"We have been back and forth with the attorney general's office at [the Maryland Department of Health] and talking to [Opioid Operational Command Center Executive Director] Clay Stamp about getting a statewide message out that it's OK to share this information with the health departments for public health intervention."

The idea, Singer said, is to get emergency medical professionals to let the health department know when people are non-fatally overdosing so the department can follow up with information, offers of treatment and naloxone, the opioid and heroin antidote medication.

"Right now these people are seeing EMS and that's it," Singer said.

Singer, his team and community partners are already working toward the second and third priorities. Now that the commissioners and the health department are on the same page, he hopes the mobile crisis team will soon be on the way — the funding is there for an agency or nonprofit to provide the services.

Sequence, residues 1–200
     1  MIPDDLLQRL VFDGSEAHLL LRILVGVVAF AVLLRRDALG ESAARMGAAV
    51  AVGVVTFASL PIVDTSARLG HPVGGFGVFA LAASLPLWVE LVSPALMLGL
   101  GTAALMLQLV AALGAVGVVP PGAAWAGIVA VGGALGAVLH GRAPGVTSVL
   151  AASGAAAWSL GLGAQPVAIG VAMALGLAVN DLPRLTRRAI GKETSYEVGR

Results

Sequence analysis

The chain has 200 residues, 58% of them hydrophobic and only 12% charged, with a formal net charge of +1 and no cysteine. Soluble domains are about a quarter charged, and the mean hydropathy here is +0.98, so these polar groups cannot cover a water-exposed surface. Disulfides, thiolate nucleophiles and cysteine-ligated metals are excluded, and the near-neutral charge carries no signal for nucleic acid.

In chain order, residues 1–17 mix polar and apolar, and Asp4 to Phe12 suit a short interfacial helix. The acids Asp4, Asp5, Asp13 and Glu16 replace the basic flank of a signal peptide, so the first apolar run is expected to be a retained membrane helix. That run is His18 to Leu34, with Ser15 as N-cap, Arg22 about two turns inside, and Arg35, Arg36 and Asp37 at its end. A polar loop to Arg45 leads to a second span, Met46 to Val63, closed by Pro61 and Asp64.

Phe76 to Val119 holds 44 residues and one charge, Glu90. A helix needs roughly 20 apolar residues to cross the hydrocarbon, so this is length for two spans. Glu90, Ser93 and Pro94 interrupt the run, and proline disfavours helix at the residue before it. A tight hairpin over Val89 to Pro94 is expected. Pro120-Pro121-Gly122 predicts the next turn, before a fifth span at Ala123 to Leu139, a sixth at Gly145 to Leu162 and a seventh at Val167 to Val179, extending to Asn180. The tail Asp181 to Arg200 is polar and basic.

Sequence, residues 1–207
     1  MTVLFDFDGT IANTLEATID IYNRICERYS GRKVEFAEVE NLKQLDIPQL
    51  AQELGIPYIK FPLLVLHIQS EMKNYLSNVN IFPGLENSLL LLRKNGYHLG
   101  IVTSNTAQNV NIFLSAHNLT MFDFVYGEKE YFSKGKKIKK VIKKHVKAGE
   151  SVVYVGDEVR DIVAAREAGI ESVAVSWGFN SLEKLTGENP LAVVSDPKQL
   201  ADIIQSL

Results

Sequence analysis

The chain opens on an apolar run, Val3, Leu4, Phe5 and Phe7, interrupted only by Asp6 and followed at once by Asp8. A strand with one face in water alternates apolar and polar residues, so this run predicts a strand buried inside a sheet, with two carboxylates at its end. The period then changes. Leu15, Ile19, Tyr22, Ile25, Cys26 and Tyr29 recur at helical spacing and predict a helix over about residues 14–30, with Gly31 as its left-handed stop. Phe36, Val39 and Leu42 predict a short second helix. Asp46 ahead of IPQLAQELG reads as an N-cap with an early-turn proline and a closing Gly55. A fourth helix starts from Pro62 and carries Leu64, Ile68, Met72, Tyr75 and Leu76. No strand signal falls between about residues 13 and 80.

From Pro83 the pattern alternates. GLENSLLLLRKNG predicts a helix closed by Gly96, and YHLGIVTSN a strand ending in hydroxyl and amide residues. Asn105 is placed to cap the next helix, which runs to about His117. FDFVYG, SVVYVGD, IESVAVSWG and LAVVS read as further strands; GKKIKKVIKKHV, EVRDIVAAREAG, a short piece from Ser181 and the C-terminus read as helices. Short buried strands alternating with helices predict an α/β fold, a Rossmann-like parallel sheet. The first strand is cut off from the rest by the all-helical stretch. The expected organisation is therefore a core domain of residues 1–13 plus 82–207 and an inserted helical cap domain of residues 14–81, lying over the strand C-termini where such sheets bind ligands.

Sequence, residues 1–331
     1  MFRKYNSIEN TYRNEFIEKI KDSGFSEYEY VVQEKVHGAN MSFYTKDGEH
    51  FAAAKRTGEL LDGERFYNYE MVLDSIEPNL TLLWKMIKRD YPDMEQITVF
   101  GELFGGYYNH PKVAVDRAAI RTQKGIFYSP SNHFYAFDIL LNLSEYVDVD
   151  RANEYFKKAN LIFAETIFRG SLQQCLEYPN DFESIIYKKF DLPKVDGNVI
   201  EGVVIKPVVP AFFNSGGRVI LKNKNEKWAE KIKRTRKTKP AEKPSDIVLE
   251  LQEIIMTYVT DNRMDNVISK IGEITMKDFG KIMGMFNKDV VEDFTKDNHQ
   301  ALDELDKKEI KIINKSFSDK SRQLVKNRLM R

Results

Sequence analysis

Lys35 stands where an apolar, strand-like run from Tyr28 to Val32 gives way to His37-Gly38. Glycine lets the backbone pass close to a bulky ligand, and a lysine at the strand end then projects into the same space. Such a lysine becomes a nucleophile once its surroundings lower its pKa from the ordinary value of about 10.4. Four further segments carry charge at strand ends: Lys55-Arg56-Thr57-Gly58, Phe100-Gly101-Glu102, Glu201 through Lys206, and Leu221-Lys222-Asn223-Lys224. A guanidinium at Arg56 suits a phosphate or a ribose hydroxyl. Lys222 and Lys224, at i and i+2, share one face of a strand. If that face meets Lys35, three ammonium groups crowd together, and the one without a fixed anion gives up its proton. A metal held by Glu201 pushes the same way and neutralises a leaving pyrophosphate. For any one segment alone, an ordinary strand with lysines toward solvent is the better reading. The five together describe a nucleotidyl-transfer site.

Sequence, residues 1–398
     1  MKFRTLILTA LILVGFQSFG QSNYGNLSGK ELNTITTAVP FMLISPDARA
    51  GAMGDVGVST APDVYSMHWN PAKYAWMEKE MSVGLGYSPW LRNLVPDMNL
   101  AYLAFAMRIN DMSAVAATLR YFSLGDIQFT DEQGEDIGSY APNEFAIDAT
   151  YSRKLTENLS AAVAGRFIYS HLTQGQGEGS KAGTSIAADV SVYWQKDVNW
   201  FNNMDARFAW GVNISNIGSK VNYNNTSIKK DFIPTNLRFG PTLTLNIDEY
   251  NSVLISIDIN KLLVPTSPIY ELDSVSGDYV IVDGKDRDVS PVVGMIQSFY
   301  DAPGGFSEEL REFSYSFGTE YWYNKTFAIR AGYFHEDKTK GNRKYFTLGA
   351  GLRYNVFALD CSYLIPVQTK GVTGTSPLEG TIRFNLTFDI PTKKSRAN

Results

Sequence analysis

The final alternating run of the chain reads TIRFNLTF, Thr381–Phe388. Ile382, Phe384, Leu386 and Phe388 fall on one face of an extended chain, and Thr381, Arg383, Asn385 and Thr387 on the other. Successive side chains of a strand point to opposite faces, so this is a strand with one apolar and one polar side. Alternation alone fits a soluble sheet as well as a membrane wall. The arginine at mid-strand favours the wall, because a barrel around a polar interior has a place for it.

"My hope is by sometime early August we will be able to get the RFP [request for proposal] out on the street for people to take a look at," he said. "Maybe September, or at the latest early October, we would actually be able to have a team stood up and operating. That's my goal."

As to how long that funding will be available, Singer is also hopeful.

"The governor has made this five-year commitment to providing these funds for the Opioid Operational Command Center," Singer said. "I can't say for sure where that's going to be next year, but with a five-year commitment, I am hoping we will continue to get the same level of funding."